Wednesday, February 6, 2013

Losee Place 1912: When Research and Possession Come Together

I love it when I find a document that relates directly to a family heirloom. The first time had this experience was looking at the Inventory of Estate for my 4th great grandfather, Leonard Losee. The first line of the list of his possessions was "bible." Now I did not own the bible but I had seen it. It belonged to a distant cousin who has since passed away. Sadly, I do not know who owns it now or if it is even still in existence but to see an object I had seen and touched listed on a document from 1886 made my heart flutter.

I had a similar experience while doing some newspaper research. Several years ago I found an article on page 5 of the Brooklyn Eagle from December 2, 1912 entitled "Find Mass of Honey in Freeport Relic." The article is about the property once owned by Leonard Losee. In 1912 the property was sold by Leonard's son, John Losee, Sr. to Mr. Albin N. Johnson, a prominent real estate developer in Freeport, New York.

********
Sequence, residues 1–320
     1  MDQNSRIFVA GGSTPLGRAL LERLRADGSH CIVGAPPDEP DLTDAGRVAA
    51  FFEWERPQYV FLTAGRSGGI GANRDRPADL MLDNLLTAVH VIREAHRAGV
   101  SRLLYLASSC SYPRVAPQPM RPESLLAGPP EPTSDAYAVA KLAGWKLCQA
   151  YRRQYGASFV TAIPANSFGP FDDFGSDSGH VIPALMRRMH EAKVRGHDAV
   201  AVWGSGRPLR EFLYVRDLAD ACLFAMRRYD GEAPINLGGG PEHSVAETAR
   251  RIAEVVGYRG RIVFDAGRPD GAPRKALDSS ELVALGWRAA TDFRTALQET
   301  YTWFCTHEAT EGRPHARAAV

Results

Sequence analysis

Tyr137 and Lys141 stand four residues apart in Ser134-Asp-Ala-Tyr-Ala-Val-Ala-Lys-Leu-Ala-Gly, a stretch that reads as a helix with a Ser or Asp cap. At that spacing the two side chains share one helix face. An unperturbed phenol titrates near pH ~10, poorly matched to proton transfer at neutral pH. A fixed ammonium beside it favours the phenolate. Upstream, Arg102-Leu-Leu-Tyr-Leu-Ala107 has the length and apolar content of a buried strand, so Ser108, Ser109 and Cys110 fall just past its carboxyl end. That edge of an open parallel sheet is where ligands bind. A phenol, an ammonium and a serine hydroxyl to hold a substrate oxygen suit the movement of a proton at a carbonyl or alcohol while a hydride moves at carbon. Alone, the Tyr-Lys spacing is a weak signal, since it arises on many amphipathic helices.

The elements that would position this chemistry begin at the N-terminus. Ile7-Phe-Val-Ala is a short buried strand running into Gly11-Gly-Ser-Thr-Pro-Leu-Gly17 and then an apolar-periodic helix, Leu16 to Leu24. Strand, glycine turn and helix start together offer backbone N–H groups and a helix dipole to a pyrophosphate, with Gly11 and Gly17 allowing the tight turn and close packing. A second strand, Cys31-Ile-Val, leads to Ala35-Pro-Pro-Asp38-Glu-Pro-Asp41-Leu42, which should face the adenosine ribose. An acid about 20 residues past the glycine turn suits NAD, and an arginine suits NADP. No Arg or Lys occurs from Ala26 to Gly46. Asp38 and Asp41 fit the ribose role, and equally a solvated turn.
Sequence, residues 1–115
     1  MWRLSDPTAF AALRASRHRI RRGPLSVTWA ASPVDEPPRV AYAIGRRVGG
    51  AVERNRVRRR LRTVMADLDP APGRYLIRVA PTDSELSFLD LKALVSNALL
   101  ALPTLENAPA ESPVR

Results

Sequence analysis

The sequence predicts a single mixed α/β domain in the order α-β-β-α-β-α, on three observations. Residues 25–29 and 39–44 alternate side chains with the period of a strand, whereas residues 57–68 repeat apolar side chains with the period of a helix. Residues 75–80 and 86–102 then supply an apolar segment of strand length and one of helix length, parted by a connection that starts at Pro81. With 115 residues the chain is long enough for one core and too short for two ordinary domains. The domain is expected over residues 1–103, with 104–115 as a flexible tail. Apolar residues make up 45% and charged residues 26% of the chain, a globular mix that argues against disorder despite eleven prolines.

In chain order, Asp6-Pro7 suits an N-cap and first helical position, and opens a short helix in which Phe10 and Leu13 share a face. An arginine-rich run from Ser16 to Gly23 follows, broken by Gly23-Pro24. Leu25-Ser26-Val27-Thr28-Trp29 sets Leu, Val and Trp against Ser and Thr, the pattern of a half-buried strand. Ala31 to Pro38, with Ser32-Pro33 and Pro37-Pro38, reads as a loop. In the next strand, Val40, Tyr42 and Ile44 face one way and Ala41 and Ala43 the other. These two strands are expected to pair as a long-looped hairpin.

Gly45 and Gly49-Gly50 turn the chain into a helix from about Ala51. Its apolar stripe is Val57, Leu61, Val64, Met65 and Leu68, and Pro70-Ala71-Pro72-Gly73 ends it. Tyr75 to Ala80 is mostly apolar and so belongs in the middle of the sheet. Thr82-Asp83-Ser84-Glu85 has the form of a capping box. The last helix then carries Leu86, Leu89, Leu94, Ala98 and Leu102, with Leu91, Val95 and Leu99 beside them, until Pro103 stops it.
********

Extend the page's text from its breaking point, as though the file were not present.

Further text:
The article is focused on a specific building on the Losee Place property; the old Methodist Church that Leonard Losee had moved to his property in 1860.

Funny enough is that I own the photos taken in October 1912 of the property. They were passed down to me from my paternal grandmother. She inherited them from her mother-in-law, Ethel Losee-Earle. The front of the photos are labeled "Property of G. Losee." G. Losee must be Georgianna Losee, the daughter of John M. Losee, Sr; Ethel's aunt. 

The scans are not very clear but here is a picture of John Losee, Sr. standing by the old Methodist Church in October 1912. 

I believe the author of the caption to be Amy Johnson, the wife of Albin Johnson. The caption on the reverse reads as follows: 

Picture taken October 1912, of houses on Losee Place, Freeport, prior to making any changes on said tract.
The smaller building was moved there about 1860 and before that time was used as a M. E. Church near the corner of Babylon Turnpike and Seaman Ave., being the oldest church in the vicinity. The old barn was made of timbers taken from the wreck of Nestor or Mexico about 1860.
John M. Losee, Sr. in foreground

To own a photo of the subject of a newspaper article like this solidifies for me the feeling that I am holding a piece of family history and in this case community history. I cherish the photos like no other possessions I own.


  1. This is fantastic April. To see the pics, and associate them with our family is absolutely amazing. i love the work that you are doing to preserve the Losee name. i personally know nothing about the Losee side of my tree, except for the fact the Lydia Smith and Leonard Losee are the parents of my great great grandmother, Sarah.Keep up the great work, Donna.

  2. Well then, Donna, there is a photo of Sarah's oldest brother, John. I'll keep posting Losee things!